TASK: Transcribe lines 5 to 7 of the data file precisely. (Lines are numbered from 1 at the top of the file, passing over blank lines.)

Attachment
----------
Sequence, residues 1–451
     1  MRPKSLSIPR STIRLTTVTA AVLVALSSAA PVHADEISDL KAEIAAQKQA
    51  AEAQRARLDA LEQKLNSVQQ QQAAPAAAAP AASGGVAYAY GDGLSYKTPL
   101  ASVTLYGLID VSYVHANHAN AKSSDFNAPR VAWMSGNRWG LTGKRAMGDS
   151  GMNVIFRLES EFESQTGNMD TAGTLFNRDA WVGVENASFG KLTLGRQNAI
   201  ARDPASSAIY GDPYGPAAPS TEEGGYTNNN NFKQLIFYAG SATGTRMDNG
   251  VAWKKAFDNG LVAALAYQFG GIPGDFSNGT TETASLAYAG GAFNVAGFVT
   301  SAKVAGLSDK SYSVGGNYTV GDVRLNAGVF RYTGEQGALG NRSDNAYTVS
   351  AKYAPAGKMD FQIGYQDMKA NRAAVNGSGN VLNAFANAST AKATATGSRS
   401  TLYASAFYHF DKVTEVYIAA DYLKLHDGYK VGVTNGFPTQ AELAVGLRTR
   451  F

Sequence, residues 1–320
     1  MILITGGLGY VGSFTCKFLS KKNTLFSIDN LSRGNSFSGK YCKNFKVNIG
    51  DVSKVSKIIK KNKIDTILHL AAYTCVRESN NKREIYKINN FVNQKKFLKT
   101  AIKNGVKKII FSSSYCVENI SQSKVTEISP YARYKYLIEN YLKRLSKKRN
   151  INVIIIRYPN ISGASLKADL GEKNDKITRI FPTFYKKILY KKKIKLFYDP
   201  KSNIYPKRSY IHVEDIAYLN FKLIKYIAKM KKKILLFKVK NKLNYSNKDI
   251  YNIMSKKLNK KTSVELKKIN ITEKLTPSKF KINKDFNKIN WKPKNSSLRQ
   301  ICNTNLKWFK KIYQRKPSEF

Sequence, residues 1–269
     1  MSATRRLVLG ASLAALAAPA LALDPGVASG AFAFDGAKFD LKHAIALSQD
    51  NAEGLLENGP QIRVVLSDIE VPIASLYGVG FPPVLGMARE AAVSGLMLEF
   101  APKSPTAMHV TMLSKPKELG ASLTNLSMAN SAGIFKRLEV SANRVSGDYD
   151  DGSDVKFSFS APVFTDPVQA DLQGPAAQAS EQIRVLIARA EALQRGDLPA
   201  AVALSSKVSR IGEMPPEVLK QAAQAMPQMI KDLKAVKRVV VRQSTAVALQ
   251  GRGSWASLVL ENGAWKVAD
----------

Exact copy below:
   151  GMNVIFRLES EFESQTGNMD TAGTLFNRDA WVGVENASFG KLTLGRQNAI
   201  ARDPASSAIY GDPYGPAAPS TEEGGYTNNN NFKQLIFYAG SATGTRMDNG
   251  VAWKKAFDNG LVAALAYQFG GIPGDFSNGT TETASLAYAG GAFNVAGFVT